Chapter

Continuous Markov process theory

Daniel T. Gillespie and Effrosyni Seitaridou

in Simple Brownian Diffusion

Published in print October 2012 | ISBN: 9780199664504
Published online January 2013 | e-ISBN: 9780191748516 | DOI: http://dx.doi.org/10.1093/acprof:oso/9780199664504.003.0007
Continuous Markov process theory

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Three years after Einstein published his groundbreaking 1905 paper on diffusion, a different analysis was published by Paul Langevin. Although it was not clearly appreciated at the time, Langevin's approach avoided the shortcomings of Einstein's approach that were described in Chapter 4, yet included Einstein's theory as a special limiting approximation. A full understanding of all this requires the mathematical machinery of continuous Markov process theory, which is essentially a generalization to the stochastic realm of the deterministic theory of ordinary differential equations. This chapter is a self-contained exposition of those topics in continuous Markov process theory that are needed to understand Langevin's model of diffusion and how it is related to Einstein's model. The topics covered include: the Chapman-Kolmogorov and Kramers-Moyal equations; the process increment; the self-consistency requirement on the process increment, and how that requirement gives rise to the Langevin equation;(n) Gaussian white noise; the forward and backward Fokker-Planck equations; multivariate continuous Markov processes; the driftless Weiner process, and how it can be numerically simulated; and the Ornstein-Uhlenbeck process and its time-integral, and how they can be numerically simulated.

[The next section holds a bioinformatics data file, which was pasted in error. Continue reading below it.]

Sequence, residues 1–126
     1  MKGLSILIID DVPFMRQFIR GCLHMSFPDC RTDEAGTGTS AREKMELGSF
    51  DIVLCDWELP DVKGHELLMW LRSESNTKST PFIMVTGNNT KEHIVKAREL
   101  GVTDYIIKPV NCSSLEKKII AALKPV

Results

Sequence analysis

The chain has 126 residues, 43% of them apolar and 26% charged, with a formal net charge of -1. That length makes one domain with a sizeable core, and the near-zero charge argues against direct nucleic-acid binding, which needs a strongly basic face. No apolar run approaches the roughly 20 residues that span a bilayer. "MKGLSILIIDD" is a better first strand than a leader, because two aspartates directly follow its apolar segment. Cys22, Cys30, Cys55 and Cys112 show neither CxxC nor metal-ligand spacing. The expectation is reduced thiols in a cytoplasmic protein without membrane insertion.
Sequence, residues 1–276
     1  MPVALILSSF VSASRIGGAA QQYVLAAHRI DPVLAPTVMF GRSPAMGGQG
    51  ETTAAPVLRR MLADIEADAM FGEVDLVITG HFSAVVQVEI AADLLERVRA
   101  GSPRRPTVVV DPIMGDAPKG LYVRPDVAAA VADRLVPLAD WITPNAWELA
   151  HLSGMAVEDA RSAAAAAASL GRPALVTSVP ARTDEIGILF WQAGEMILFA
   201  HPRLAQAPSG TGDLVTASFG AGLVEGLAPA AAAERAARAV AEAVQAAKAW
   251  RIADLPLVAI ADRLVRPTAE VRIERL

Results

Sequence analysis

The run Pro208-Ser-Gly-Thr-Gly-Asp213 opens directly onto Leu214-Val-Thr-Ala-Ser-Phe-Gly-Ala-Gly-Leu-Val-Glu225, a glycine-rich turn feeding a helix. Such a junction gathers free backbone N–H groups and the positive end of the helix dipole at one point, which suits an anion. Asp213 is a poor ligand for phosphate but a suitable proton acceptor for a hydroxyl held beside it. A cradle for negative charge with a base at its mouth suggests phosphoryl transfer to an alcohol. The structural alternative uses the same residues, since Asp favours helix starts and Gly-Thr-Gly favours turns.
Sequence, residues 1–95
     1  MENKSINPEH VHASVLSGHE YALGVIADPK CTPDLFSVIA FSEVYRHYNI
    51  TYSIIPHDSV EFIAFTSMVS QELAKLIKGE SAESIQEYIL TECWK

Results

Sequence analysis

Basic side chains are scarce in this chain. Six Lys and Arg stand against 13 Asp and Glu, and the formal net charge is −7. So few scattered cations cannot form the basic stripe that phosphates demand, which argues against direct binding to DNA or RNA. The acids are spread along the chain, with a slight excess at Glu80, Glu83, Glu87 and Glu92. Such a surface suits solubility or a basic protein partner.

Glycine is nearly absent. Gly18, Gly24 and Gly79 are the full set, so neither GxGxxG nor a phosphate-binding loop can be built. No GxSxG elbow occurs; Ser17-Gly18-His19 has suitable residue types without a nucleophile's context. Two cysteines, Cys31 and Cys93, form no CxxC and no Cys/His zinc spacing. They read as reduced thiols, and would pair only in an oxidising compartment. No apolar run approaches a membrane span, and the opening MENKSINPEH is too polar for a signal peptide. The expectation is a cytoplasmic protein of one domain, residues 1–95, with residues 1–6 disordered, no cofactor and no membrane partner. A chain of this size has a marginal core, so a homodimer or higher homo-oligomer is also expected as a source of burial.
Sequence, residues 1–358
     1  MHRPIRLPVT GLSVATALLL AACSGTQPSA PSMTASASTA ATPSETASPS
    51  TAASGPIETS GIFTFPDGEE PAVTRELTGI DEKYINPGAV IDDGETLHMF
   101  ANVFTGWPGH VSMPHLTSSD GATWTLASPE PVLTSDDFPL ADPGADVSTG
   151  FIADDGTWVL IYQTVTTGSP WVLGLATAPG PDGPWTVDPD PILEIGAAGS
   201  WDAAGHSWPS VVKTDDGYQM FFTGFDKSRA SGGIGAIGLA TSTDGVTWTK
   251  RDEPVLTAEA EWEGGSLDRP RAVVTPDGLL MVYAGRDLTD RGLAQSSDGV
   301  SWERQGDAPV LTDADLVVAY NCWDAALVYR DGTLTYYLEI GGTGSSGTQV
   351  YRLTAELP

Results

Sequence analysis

Keywords: Chapman-Kolmogorov equation; Kramers-Moyal equation; process increment; self-consistency condition; Langevin equation; stochastic differential equation; drift function; diffusion function; Gaussian white noise; Weiner process; Ornstein-Uhlenbeck process

Chapter.  14714 words. 

Subjects: Physics

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